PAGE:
Minding our Business

Archive hour: discussing business records in crisis

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I took over as the committee’s social media officer towards the end of February and was immediately told my first responsibility was to host the #ArchiveHour we’d signed up to at the end of March. #panic. Luckily, we had guest hosts who had already agreed to take part and my role was mostly to remind everyone when it was so they could tune in, and to facilitate the questions and retweeting on the night.

Daily advertising tweets in the month prior, meant I noticed quickly when the best time of day to post was – during evening rush hour! It seems our followers like to catch up on their feeds on the way home. There were also milestones to hit, with 3, 2 and 1 weeks to go we announced our topic and guest hosts: Richard Wiltshire, Senior Archivist for Business Archives at the LMA and Kiara King, Archivist at the Ballast Trust.

As there was so much in the press about failing businesses at the time, including Toys R Us, Carpetright, Maplin and more, and our guest hosts are both members of the Crisis Management Team, it made sense to feature that.  Kiara and Richard worked together to write their questions and formulate some prepared answers to them, so they had time to focus on responding to other posters on the night.

There were six questions, and a bonus fun one. In total we had about 100 responses and engagements, and probably more people who watched but didn’t reply. Some of the questions allowed for info to be shared on current businesses at risk, and some were more open for suggestions as to how we could be better. Below are some of the highlights.

Q1 What are the current challenges around business records at risk?

Q2 How are cases going at the moment?

Q3 What is your personal favourite or worst experience dealing with business records at risk?

Q4 What can the sector and wider public do to help support records at risk?

Q5 What wider guidance tools are there? What have people found most helpful?

Q5b BONUS QUESTION! Every archivist has a record rescue kit, right? What’s in yours?

Q6 Any final good news stories?

I am pleased with the level of engagement we received on the night and hope that now the tweets are out there that it might, in a tiny way, help to make the cause more well known. There’s still a lot to do with the administrators though.

Behind the scenes, Richard’s set up was rather more planned than mine – a table was a great idea! I had my phone in one hand to post the questions, my iPad on my knee to retweet the responses and my G&T had a straw #handsfree.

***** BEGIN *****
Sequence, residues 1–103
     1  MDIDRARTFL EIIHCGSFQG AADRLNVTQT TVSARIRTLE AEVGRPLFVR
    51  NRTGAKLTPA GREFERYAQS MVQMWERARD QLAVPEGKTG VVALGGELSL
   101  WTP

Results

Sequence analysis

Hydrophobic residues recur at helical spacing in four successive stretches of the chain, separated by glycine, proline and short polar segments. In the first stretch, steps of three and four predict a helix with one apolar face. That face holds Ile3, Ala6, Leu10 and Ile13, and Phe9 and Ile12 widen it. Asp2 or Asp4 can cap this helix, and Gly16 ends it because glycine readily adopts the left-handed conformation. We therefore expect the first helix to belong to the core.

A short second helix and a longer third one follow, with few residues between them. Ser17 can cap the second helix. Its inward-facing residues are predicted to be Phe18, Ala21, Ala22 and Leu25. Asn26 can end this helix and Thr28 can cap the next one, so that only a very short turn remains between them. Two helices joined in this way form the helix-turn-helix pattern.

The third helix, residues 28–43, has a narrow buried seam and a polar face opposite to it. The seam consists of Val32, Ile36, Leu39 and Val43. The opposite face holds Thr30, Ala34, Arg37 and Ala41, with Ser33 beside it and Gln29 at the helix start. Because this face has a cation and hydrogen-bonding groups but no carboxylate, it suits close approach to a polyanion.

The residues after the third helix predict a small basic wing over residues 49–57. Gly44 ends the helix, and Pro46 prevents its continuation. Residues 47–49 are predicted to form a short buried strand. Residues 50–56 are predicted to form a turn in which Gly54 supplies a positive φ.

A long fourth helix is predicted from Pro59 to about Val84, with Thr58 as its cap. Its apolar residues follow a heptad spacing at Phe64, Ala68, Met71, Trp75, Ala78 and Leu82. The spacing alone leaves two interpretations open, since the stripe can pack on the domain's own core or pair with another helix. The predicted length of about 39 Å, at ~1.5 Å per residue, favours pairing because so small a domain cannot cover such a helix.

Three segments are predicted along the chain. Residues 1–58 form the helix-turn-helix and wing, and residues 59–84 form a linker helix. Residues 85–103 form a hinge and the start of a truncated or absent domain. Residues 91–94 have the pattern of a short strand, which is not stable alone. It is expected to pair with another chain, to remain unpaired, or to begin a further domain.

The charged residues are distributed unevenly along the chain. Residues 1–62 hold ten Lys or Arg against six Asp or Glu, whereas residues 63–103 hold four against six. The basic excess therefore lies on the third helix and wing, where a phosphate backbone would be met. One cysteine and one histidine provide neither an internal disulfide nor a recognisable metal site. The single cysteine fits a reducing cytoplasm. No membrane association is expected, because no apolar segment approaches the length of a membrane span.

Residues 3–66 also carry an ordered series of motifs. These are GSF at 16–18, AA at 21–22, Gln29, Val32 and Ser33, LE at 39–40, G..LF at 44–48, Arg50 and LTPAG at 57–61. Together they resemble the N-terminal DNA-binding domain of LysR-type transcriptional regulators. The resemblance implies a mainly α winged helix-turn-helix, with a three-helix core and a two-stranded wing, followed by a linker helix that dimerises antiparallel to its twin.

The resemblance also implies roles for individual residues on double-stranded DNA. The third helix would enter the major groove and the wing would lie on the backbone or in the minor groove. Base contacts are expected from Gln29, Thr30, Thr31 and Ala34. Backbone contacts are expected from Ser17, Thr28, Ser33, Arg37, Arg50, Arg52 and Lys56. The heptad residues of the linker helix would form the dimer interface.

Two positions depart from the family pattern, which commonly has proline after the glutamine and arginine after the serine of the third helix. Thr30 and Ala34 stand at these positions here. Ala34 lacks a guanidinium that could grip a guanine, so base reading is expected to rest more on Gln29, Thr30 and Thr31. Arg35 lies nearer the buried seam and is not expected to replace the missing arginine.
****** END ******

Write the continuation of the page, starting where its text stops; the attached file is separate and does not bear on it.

A word from Richard:

It was great catching up with Kiara King and sharing our experiences with the wider world. Sometimes it can be very frustrating when you don’t hear back from administrators of failed businesses or when you are chasing an archive repository you’ve notified about a collection potentially at risk. It’s great to share these case studies about success, failure and receive reactions to such situations. We only ask that ALL think about potential archives at risk – get in touch with the Crisis Team for any advice. Insolvency practitioners need to do a lot more to safeguard our heritage than they do right now – let’s call it a duty of care to society. There’s no law to say they have to but let’s hope ARA, BAC and TNA make headway with the Insolvency Practitioners Association in drawing up a Code of Practice.

Since the #archivehour discussion we have received great news on Toys “R” Us and saving Geoffrey the Giraffe too and look forward to sharing that very soon. Thank you SBR #archivehour for the opportunity!

You’ll find a snapshot of the #archivehour discussion from @ricshire on the Crisis Team page and a further round up of the hour here.

Of course, we had great fun taking part and we hope it was interesting and engaging for those who joined in. @ARABusinessRec are back on the @ArchiveHour schedule for later in the year, so look out for us. It will be a rather less serious topic next time.

Jill Moretto

SBR Social Media Officer